Fact: investment opportunities exist in Haiti.  Business coverage can help to foster not only more of them but more open commercial transactions.  Fact: if there’s one word that the Haitians I talked to this summer repeated most often, it’s “job.”  Despite that, most of our media and community conversations in the US, even among the diaspora, center not on job creation but on charity–as if alms ever lifted any mass of people out of poverty.

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December 5, 2010

Johnny Celestin | Revolution no answer to Haiti’s post-election crisis

Johnny Celestin, founding president, Haitian Fund for Innovation and Reconstruction

Editor’s Note: Concerned by Diaspora reactions to recent post-election unrest in Haiti, Johnny Celestin calls for order not chaos in his second post for DH.

I have been alarmed at the nonchalant ways in which observers from the Diaspora, especially friends whom I deeply respect have been bandying about the need for a revolution in Haiti.  They argue that because of claims of election irregularities, Haitians must take up arms against the current government – one more time.

They write that it would be a tribute to our revolutionary ancestors who 203 years ago, on 29 November 1803 issued a preliminary declaration of independence through military force. Yes, Haiti is in the midst of yet another crisis.  But rule of law, not more chaos and violence, is the answer that the Diaspora should seek.

For starters there is a tendency to over-simplify the Haitian revolution and downplay its impact on ordinary Haitians.

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October 10, 2010

Johnny Celestin | Helping the Diaspora to Rebuild Haiti

Johnny Celestin, founder and president, The Haitian Fund for Innovation and Reconstruction

Editor’s Note: I recently attended a New York panel hosted by the Haitian Roundtable on the diaspora’s role in rebuilding Haiti. One speaker, Johnny Celestin, founder of a new Haiti investment fund and diaspora liaison at the Clinton Foundation kept it real about the diaspora’s obligations and offered tangible to-do’s and opportunities. With his permission I reprint his speech, edited for the Web, here.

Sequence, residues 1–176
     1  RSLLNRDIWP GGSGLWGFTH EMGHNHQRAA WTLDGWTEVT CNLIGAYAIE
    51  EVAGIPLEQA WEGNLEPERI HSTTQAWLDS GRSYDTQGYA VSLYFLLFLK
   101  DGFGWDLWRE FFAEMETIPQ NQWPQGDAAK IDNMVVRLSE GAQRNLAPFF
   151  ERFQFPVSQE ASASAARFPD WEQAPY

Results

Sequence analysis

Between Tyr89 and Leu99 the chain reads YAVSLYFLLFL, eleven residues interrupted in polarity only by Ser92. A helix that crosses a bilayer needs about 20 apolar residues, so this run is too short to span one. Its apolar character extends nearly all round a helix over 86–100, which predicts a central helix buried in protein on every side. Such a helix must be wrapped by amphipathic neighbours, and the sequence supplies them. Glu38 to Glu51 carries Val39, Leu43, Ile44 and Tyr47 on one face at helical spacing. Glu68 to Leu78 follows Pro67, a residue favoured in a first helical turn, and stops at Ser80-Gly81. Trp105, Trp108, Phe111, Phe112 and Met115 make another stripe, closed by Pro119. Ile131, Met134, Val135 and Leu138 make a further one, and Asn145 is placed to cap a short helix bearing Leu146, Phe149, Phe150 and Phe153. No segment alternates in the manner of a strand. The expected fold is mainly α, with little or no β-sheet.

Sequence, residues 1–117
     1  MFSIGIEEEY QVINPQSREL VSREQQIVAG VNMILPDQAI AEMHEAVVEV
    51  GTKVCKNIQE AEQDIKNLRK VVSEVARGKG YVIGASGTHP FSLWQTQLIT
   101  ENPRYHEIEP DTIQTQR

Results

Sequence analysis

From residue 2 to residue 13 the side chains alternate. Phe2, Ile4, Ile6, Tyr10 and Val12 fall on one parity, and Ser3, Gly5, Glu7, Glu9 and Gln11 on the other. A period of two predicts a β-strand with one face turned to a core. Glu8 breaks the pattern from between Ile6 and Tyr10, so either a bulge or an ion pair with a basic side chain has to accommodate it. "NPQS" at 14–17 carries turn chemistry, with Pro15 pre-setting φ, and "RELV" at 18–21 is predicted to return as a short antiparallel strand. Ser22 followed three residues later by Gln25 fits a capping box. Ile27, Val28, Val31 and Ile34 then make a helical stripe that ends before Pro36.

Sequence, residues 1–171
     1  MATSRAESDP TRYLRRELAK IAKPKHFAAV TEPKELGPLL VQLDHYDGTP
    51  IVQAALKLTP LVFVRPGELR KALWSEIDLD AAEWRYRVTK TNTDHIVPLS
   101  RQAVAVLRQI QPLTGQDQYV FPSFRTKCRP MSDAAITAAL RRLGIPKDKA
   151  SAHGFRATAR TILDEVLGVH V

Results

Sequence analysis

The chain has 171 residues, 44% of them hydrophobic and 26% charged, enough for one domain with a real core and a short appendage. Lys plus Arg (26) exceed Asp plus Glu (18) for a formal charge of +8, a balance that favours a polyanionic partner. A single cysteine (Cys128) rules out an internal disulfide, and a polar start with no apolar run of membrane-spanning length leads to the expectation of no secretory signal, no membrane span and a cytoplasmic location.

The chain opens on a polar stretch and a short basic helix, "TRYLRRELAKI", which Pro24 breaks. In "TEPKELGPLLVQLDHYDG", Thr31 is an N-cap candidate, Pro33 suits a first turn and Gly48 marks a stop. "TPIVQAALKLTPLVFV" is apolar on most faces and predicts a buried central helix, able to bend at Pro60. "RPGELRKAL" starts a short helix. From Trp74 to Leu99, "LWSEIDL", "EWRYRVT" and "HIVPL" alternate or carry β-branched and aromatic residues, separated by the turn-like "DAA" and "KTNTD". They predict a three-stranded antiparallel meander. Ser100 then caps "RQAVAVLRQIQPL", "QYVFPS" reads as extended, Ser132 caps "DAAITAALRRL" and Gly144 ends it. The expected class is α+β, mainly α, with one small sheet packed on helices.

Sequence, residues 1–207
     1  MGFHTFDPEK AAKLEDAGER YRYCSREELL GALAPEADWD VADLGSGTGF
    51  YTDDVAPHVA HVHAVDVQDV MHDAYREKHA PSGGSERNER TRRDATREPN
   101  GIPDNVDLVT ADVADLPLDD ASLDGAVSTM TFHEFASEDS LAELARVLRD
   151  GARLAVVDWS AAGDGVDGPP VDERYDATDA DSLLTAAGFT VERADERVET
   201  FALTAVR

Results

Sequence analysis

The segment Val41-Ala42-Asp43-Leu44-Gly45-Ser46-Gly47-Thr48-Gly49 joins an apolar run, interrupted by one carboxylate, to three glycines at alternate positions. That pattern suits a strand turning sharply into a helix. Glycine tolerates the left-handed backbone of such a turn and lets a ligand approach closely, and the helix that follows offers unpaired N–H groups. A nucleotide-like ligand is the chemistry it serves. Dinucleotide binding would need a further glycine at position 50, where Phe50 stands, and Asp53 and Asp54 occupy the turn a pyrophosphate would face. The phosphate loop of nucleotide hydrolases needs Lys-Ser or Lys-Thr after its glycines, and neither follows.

The issues before us today are so important that we can’t concern ourselves with the possibility of offending sensibilities.  So without being too controversial, I would like to start with the hypothesis that the Diaspora is invisible and therefore irrelevant in the current debate about Haiti.  This irrelevance is nothing new but it is most acutely felt here in the United States because of proximity, the sheer size of Haitian Diaspora in the US, and its influence on the Haitian economy.

Let’s start with a few figures. They are the context within which we are here to discuss the question, “What is the role for the Haitian Diaspora?”

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August 9, 2010

Diaspora Haitians, go home despite the distrust

Street vendor in Jacmel, Haiti. (Swiatoslaw Wojtkowiak, Flickr)

by Deborah D. David

Of all the obstacles to face when returning home to Haiti, I never would have guessed my own people would be one of them.  Years ago when I was preparing to graduate college, an organization in Port-au-Prince hired me to work with ti machann, street vendors. I was really excited; I’d written my senior thesis about microcredit in Haiti.  What my university work could not prepare me for however, was the resistance of my Haitian co-workers to the “just come” in their midst.

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July 9, 2010